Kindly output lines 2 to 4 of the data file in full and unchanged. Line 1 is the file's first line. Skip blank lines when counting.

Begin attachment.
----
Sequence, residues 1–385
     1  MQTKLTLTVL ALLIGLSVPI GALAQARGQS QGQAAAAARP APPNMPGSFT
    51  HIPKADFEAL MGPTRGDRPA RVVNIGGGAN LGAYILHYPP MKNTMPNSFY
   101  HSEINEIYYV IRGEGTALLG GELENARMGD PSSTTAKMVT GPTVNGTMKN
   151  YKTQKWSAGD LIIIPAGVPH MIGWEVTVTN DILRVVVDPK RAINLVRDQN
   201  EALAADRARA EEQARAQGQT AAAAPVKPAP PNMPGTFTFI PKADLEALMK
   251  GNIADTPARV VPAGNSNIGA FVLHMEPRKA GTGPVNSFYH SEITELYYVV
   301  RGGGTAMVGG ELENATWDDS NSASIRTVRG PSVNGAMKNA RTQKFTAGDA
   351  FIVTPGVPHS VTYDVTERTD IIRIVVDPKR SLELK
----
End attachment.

     1  MQTKLTLTVL ALLIGLSVPI GALAQARGQS QGQAAAAARP APPNMPGSFT
    51  HIPKADFEAL MGPTRGDRPA RVVNIGGGAN LGAYILHYPP MKNTMPNSFY
   101  HSEINEIYYV IRGEGTALLG GELENARMGD PSSTTAKMVT GPTVNGTMKN